Sark – an island not completely loved

I have loved Sark since my first visit in the early 1970’s. I first paddled up to Sark from Jersey in 1979 and have since returned on numerous occasions, often camping for several nights. A quick look through my log books has revealed that I have visited the island every month of the year apart from December. I even paddled north from Jersey for an overnight visit, in the 1980’s, when the schools were closed due to heavy snow. Whatever the weather and time of the year Sark has always occupied a special place in my heart.
This week we had booked a day trip to Sark with Jersey Seafaris, on one of their ribs. What a great way to visit, with a thoroughly professional company. Heading out from St Catherine’s we turned to the north west, with the crossing taking about 40 minutes. There was still the remnants of Sunday’s swell, which slowed us down in places but otherwise it was a perfect crossing. As soon as we moved away from the coast it was amazing the number of Shearwaters, mainly Balearic with a few Manx, we saw. Somehow as a sea kayaker I have always had a degree of empathy with Shearwaters, which are one of my favourite birds.
Arrival in Sark was at Creux Harbour, the older of the two harbours on the east coast. With the main arm being constructed in the 1860’s. landing was easy and we were soon on our way up the hill to hire bikes for the day. Avenue Cycle Hire, was visited and within minutes we were on our way.

Sark
Arrival at Creux Harbour.
Sark
A sign close to the harbour celebrating Sark’s unique achievement.  It is an accolade that was bestowed on the island in 2011.
Sark
Looking north from Port au Moulin, close to the spectacular Window in the Rock. A hole which, was blasted through the rock by the Seigneur in the 1850’s to provide spectacular views along the coast.  It shows just how great the sea kayaking is in this area.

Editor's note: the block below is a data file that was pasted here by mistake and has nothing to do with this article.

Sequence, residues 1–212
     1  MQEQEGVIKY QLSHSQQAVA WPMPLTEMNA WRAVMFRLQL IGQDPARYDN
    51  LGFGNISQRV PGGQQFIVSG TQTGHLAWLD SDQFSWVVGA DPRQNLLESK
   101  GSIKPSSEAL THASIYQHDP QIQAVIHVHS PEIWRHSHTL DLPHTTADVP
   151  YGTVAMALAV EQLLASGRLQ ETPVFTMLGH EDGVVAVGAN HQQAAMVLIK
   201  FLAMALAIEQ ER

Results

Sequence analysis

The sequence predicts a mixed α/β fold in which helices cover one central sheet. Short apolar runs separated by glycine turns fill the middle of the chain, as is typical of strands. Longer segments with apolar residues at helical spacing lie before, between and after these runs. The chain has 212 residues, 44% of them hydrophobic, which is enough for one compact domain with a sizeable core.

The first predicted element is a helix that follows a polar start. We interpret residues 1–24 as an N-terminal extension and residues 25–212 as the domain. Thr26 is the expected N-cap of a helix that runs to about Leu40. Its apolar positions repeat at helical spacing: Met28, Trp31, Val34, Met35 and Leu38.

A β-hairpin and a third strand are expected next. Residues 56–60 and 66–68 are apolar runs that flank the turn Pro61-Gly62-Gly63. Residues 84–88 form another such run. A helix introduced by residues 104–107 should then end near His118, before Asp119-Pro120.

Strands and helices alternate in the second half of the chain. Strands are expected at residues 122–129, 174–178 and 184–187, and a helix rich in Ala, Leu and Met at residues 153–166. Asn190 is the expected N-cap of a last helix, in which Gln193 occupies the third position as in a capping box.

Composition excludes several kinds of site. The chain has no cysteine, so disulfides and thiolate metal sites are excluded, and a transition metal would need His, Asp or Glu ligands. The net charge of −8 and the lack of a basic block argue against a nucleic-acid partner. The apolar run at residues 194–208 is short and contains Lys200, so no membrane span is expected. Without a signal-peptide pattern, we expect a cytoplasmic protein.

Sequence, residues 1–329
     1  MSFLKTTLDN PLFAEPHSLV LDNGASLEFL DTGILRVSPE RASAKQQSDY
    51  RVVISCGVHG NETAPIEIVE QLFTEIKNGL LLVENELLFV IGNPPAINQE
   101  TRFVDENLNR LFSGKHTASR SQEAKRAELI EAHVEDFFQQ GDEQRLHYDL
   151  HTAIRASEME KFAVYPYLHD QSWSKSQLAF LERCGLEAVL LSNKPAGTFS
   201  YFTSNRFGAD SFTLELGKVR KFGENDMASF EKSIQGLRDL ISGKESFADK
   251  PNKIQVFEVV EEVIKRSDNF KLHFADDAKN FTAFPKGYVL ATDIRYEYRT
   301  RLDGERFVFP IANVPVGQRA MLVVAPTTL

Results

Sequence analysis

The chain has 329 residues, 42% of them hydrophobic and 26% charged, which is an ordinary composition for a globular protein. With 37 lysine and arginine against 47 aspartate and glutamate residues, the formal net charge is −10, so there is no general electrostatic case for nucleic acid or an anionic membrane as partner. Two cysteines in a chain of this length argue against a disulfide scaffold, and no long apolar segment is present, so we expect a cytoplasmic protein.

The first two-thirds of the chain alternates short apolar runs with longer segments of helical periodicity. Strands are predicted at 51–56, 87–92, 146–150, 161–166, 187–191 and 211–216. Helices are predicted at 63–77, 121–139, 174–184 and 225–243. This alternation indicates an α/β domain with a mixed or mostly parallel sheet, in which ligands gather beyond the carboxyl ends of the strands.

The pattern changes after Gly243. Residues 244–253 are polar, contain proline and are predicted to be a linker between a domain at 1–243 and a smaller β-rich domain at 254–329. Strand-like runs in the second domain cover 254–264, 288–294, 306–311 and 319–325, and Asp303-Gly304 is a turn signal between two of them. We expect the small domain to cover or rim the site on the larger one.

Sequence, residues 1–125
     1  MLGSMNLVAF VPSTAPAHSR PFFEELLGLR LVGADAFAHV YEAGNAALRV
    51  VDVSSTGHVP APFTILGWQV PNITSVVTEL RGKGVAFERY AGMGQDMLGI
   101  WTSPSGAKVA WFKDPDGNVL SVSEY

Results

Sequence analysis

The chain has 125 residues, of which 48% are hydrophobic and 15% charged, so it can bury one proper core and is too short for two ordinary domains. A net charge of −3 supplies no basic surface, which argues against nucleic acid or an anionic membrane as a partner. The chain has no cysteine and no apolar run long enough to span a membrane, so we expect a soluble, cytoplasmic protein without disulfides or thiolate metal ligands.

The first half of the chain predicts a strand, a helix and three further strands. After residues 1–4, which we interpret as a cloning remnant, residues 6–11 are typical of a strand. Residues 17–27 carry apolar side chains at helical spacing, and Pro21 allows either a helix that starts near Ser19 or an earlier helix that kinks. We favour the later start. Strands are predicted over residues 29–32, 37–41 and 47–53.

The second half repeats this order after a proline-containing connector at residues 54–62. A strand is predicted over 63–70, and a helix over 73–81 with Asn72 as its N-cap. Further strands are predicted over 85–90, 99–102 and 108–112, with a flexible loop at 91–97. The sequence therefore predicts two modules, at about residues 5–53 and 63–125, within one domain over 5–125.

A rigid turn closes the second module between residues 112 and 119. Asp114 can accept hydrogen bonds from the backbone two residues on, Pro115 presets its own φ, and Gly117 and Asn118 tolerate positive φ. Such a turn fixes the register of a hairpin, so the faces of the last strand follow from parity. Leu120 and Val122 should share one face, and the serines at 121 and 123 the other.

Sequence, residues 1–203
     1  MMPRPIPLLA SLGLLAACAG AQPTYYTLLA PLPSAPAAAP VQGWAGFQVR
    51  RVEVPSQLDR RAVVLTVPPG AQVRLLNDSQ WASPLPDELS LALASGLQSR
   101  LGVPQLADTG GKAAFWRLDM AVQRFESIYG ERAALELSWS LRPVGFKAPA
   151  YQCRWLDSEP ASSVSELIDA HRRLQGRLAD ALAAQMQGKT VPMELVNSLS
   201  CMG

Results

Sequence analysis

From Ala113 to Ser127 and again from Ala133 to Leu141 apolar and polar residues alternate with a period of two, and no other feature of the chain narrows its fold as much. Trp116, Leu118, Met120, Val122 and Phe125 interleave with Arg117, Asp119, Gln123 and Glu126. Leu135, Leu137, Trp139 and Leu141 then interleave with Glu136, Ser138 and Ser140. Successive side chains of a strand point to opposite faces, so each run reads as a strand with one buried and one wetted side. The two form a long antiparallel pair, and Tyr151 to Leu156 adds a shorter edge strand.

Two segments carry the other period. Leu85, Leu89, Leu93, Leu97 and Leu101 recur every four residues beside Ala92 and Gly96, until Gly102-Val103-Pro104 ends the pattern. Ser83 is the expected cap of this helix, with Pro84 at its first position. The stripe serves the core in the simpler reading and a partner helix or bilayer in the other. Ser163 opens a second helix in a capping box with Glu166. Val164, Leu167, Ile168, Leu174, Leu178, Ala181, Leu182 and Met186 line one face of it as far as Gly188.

After visiting quite a few of the main points around the Island I started to develop some uncomfortable feelings.  Perhaps I was looking at the past through rose coloured spectacles but Sark just didn’t seem quite the same.  There appeared to be quite a few empty houses, some of shops on the main street were closed, as were some of the hotels.  In certain areas, for example towards the Pilchers Monument the land appeared uncared for.

Sark
Lunch was at Hathaways Cafe just as the sun came out and the temperature soared.

After lunch we crossed to Little Sark for a swim close to the remains of the Silver Mines, the history of which is described in an earlier post.  The warm afternoon sun did provide an excuse to jump into the crystal clear water.

Sark
Lisa jumping into one of the gully’s close to the Silver Mines.

All too soon it was time to head back to the harbour and the RIB journey back to Jersey, but not before having the opportunity to admire the coastal scenery and learn a bit more about the history of this fascinating Island.

Brecqhou
Looking along the west coast of Sark. Brecqhou is clearly visible.
Sark
Memorial stone to those Islanders deported by the German occupying forces in the Second World War.

Sark really is one of my favourite places in the world and I will continue to visit it at every opportunity, sadly this time I came away with the feeling that it is a community, which isn’t thriving as successfully in the past.